The takeaway Start tuning into how Twitter is used in searches your brand cares about. Engagement and recentness affect Google's display of tweets, so use Twitter to bring you traffic! Don't stop sharing on G+ just yet if you have a big following there, but there is no need to invest any time growing a Google+ following if you don't already have one. Phew!

4.Google Demands Multimedia

Only three percent of SERPs display 10 text-only results (think blue links with no images, videos, or sidebars). So while your written content is important, you'll need more than that to search-optimize it.

The takeaway To win at search, add "extras" to your content, including well-optimized images, charts, graphs, illustrations, and interactive maps. Make sure your video content is Google-ready, too: the search engine only displays YouTube and Vimeo results for video, so include that in addition to your own player.

5. Google Is Reading Our Minds

Thanks to machine learning, Google has figured out exactly what info you're looking for when you type in a search. So, even when you don't type in a "right" keyword phrase, Google can send you to the right place.

The takeaway As a marketer, your job is to figure out people's intent in searching--and develop content that directly and masterfully answers their questions. The "winning" content no longer just matches the searchers keywords to your keywords--it the content that best answers the user's question, whether that query is stated or implied. In order to do that, Google looks not only for a specific term in the headline (ie, "top things to do in Paris") or meta description, but also, all of the other terms someone might expect to find in an article that truly answered the question ("Eiffel tour tours, Seine river cruises, etc).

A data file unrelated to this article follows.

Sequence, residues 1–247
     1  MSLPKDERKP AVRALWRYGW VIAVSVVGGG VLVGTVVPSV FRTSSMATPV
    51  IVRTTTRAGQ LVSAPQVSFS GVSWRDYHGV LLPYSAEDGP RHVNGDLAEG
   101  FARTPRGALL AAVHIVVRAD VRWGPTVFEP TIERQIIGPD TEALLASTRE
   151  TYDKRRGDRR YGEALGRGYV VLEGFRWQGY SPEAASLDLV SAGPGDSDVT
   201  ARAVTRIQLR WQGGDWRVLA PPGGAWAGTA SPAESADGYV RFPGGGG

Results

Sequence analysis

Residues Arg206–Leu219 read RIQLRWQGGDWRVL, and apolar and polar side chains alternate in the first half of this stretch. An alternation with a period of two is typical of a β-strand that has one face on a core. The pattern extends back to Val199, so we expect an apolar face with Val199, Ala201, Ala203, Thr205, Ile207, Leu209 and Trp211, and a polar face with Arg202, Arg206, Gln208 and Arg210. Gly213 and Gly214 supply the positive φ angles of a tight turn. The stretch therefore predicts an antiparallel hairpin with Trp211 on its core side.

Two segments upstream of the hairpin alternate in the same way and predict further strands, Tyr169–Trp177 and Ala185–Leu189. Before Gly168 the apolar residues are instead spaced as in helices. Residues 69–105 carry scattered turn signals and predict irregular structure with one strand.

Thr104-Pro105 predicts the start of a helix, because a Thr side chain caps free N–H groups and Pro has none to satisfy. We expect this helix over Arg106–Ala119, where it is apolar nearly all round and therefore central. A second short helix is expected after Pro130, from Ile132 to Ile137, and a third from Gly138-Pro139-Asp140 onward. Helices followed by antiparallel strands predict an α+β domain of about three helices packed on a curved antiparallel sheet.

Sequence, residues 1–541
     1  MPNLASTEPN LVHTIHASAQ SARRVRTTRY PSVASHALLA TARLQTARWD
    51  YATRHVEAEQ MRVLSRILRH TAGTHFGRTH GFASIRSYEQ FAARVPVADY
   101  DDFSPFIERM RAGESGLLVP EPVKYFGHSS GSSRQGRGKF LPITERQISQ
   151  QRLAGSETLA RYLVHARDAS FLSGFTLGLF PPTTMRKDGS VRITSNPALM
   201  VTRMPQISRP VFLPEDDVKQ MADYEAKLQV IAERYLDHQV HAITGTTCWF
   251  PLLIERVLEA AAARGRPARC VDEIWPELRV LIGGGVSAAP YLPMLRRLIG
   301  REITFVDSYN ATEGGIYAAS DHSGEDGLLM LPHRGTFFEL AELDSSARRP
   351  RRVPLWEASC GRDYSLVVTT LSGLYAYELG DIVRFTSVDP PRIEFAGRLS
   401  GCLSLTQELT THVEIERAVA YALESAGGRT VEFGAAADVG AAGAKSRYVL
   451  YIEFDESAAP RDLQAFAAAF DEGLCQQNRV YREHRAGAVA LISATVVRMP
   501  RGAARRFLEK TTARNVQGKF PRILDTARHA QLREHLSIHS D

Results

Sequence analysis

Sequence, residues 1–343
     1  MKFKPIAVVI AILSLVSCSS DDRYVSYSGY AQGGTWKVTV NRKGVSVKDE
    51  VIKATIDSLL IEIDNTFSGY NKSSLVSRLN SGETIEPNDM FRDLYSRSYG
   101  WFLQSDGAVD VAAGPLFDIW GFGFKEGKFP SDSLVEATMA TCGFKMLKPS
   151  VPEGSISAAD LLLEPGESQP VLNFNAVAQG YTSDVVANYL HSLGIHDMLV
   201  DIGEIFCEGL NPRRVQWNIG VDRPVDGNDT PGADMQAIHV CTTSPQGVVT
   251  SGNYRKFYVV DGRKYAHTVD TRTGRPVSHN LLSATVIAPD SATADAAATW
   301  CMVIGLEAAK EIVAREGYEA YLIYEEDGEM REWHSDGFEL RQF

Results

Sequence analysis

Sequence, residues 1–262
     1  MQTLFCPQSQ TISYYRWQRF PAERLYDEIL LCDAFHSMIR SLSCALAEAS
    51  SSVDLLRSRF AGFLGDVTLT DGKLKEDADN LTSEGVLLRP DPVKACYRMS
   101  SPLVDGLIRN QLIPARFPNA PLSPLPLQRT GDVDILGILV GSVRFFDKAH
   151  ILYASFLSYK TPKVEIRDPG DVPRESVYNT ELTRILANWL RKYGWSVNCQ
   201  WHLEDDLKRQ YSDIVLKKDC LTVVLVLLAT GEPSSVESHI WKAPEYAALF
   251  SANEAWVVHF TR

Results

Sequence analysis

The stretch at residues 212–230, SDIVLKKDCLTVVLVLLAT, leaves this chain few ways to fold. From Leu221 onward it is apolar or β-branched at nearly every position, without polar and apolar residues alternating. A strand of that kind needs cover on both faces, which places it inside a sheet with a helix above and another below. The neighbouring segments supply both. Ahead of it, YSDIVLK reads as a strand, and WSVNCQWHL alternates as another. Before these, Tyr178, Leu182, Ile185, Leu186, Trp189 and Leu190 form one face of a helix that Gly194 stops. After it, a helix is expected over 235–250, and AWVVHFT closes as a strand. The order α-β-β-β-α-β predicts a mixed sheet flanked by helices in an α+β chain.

6. Google Will Kill Your Content If People Navigate Away

Sneaky click bait isn't going to cut it anymore! Google now looks to see how people react when they click your article from search. If more people abandon it to return to the search engine results page, that bounce rate will push your article down in search ratings. If people stay with it, you content is considered high-quality and will rise in search rankings.

The takeaway Keep creating great content, and stay away from click bait titles that are only loosely related to your content. If you really want a page to index before a specific event (e.g., Mother's Day, Christmas) publish it several weeks early. This gives Google enough time to determine if your article is truly valuable--and serve it up to readers during that key period.

7. Your Worst Pages are Killing Your Best Pages

You are only as strong as your weakest link...literally. Google will downgrade your site's reputation, and therefore overall ranking on SERPs, if you have too many links that are broken or not getting clicks.

The takeaway We often focus on making the "winning" pages on our websites--but rarely look at the pages that get little to no traffic. Run a list of your weakest pages (i.e., those with the highest number of bounces), and periodically update well-performing pages so they continue getting clicks.